Vasantrao Shankar Patil mans one of the last thriving akhadas in the city. Rishi Majumder met the ustaad
Photographer: Rana Chakraborty
In a dark single tubelight lit hall off Curry Road, Kiran Patil and Santosh Gade grapple for a foothold. Santosh strains to get a hold of Kiran’s thigh and waist as the latter winds his arms around Santosh’s torso. “Back, throw!” screams Chatrapati Award winning kushti ustaad Vasantrao Shankar Patil. And Kiran turns over backwards, hauling Santosh upwards to let go. Santosh, a somersault later, crashes back first into a moist akhada mud.
Generations ago, wrestling was a sport for gods and kings: Krishna, Bheem, Zeus, Prometheus… even emperors of ancient Persia played the sport. “Today, of one thousand Mumbai akhadas that flourished 20 years ago, less than 10 remain,” rues ex-champion wrestler and secretary of Samarth Vyayam Mandir, Uday Deshpande. Yet, the 56-year-old Mahatma Phule Akhada thrives, with a record of three Chatrapati award holders, 15 national champions and a throng of regulars – between the age group of 12 to 35, all waiting to be crafted from mud to pehalwaans, under the watchful eye of a large portrait of Lord Hanuman – predictably, the akhada’s only adornment.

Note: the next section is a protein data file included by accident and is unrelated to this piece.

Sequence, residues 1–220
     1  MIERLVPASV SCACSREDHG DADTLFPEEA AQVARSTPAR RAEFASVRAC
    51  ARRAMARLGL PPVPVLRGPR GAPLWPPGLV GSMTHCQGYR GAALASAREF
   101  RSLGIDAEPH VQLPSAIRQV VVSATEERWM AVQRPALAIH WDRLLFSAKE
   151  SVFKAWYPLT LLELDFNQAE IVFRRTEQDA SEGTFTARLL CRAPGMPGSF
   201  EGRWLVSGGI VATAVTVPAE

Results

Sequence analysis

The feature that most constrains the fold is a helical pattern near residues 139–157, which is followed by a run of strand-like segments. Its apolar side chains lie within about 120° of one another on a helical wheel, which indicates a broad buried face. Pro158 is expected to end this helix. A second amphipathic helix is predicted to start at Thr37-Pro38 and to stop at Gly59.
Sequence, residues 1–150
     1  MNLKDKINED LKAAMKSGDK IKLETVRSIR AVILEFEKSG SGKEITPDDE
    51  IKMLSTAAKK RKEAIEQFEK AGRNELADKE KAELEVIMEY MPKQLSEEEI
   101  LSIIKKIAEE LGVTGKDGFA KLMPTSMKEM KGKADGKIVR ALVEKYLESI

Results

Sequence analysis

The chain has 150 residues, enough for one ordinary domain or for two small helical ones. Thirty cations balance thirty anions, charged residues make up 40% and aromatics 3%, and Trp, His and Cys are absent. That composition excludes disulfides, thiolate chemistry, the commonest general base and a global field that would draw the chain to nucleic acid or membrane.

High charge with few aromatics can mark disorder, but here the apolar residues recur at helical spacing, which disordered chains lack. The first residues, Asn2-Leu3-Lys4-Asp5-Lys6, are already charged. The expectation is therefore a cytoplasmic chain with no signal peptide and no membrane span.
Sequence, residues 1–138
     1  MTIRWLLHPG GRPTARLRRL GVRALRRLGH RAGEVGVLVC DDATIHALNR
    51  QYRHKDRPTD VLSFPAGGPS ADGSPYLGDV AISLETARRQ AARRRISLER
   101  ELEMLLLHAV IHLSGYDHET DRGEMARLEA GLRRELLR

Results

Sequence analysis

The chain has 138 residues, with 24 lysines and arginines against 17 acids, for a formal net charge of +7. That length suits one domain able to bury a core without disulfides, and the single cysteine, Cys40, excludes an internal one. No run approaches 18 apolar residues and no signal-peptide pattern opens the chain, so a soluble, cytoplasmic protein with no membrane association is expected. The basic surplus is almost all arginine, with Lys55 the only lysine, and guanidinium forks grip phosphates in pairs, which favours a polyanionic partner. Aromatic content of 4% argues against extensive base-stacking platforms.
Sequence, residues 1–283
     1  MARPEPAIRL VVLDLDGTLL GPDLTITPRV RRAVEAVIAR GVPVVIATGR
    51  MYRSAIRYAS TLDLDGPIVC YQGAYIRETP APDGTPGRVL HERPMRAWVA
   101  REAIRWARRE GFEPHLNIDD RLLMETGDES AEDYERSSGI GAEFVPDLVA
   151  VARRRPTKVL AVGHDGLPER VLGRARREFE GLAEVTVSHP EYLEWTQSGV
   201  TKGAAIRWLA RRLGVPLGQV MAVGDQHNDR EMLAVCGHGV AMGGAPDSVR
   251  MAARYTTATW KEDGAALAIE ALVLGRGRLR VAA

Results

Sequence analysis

“This used to be called Bina Pehalwaan Ka Akhada when I took over 30 years ago,” laughs Patil. So how did he build the enthusiasm? “Every boy in this akhada is from an extremely poor family,” he smiles tiredly. Meaning? “I had to network and repeatedly request police and security organisations to hire pehalwaans from the akhada.” Hence, for these boys with little scope for education, wrestling became the only shot at a career. That egged Patil on to put out a killing schedule that would beget his champions. This is the schedule: “Running and exercises with hundreds of push-ups in the morning for twoand-a-half hours. A warm-up in the afternoon, followed by the actual fighting. Then more dand baithaks and climbing the rope.”
Two teenagers break, mud covered, from their fight even as he speaks, and pelt out push-ups automatedly. Another is half way up the thick rope, each climb “equal to a hundred push-ups”.
“Nikaal, patak,” screams Patil as one wrestler pulls the other towards him to twirl him mid-pull, landing his face on the ground. `Nikaal’ is not a cheer. It’s Patil’s favourite wrestling move. He adds: “There’s also Kala Jung. Both these are sure knock-outers.” There’s also Saltu, Dhobi, Bharandaj, Bangdi, Dhaal. But you’ll have to, in the ustad’s words, “get your hands dirty” to understand these terms.
“The government gives little grant to this sport. Schools are not too keen to make it a part of their syllabus,” Patil’s peeve, on why he can’t take the sport beyond, begins. “But worse, people don’t watch or practise it. There will never be a rich man’s son in the mud pit.”
So much for God’s sport. Did we mention that the Hanuman portrait looked faded?
This article originally appeared in Mumbai Mirror, Times Of India: http://alturl.com/turc